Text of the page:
Stokes, George Gabriel
Stokes was born into an Anglo-Irish family that had found its vocation for a number of generations in the established Church of Ireland. His father, Gabriel Stokes, was the rector of the parish of Skreen in County Sligo. His mother, Elizabeth Haughton, was the daughter of a rector. The youngest of six children, Stokes had three brothers, all of whom took holy orders, and two sisters. He received his earliest education from his father and the parish clerk in Skreen. Stokes then attended school in Dublin before going to Bristol College in Bristol, England, to prepare to enter university. Later in life Stokes recalled that one of his teachers at Bristol, Francis William Newman, a classicist and mathematician, had influenced him profoundly. In 1837 Stokes entered Pembroke College, Cambridge, where during his second year he began to read mathematics with William Hopkins, an outstanding private tutor whose influence on Stokes probably far outweighed that of the official college teaching. When he graduated as senior wrangler and first Smith’s prizeman in 1841, Pembroke College immediately elected him to a fellowship.
Stokes became the Lucasian professor at Cambridge in 1849, rescuing the chair from the doldrums into which it had fallen, and restoring it to the eminence it had when held by Newton. Since the Lucasian chair was poorly endowed, Stokes taught at the Government School of Mines in London in the 1850’s to augment his income. He held the Lucasian chair until his death in 1903. In 1857 he married Mary Susanna, daughter of the Reverend Thomas Romney Robinson, the astronomer at Armagh Observatory in Ireland. Stokes had to relinquish his fellowship to marry, but under new regulations he held a fellowship again from 1869 to 1902. A very active member of the Cambridge Philosophical Society, he was president from 1859 to 1861. Always willing to perform administrative tasks, Stokes became a secretary for the Royal Society of London in 1854, conscientiously carrying out his duties until 1885 when he became president of the society, a post he held until 1890. The society awarded him the Copley Medal in 1893. From 1887 to 1891 he represented the University of Cambridge in Parliament at Westminster; and from 1886 to 1903 he was president of the Victoria Institute of London, a society founded in 1865 to examine the relationship between Christianity and contemporary thought, especially science. Stokes was universally honored, particularly in later life, with degrees, medals, and membership in foreign societies. He was knighted in 1889. The University of Cambridge lavishly celebrated his jubilee as Lucasian professor in 1899, and three years later Pembroke College bestowed on him its highest honor by electing him master.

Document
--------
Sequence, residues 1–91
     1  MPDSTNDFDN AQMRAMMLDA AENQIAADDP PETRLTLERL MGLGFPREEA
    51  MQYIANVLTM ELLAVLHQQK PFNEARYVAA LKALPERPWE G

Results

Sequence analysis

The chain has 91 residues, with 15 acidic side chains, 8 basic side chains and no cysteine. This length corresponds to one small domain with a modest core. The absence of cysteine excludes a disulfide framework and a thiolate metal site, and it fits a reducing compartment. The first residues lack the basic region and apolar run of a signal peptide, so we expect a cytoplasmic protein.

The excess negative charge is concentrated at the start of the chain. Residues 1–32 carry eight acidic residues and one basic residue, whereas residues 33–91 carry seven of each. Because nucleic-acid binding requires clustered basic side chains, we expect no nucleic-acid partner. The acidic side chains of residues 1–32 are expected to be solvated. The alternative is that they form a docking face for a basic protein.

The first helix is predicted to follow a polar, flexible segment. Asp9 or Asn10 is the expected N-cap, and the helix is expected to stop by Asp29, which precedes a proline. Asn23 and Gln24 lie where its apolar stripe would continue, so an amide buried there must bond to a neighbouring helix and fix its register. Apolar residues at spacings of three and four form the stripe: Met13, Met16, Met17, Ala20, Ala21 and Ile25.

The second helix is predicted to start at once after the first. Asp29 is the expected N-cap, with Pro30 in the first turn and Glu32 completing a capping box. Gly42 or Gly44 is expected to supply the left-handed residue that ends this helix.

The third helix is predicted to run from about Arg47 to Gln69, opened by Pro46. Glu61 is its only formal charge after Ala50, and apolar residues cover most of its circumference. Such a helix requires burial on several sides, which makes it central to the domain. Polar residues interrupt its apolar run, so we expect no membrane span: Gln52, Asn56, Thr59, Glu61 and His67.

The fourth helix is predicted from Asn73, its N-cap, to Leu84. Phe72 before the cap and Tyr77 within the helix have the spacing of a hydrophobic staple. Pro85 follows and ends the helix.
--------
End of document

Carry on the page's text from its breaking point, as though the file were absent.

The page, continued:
Figures & Tables
In this chapter, we give a brief synopsis of each of the classic papers referred to in this collection. Where relevant, we reproduce the basic equations, recast in modern notation. Supporting works also are referred to. They are listed in the “General References” section.
Table 1 is a quick outline of the key contributions of each paper reprinted in this book.
Robert Hooke, “Potentia Restitutiva, or Spring” (Oxford, 1678)
The article by Robert Hooke, “Potentia Restitutiva, or Spring,” contains the statement of the proportional relation between stress and strain universally referred to as Hooke’s law. Although the English language has evolved somewhat since 1678, the article does not require translation. Hooke describes a variety of experiments, accompanied by illustrations, confirming the stress/strain relation over a wide range of applied loads. He emphasizes the great generality of his results.
Based on his experimental work from 1660 onward, Hooke first published his law in 1676 in the form of an anagram in Latin,
which he later revealed to be “ut tensio sic vis.” Roughly translated, this means “as the force, so is the displacement” (Love, 1911; Boyce and DiPrima, 1976).
In his treatise, Hooke examined the behavior of springs, so his first casting of the equations dealt with the restoring force on a spring, for a given displacement: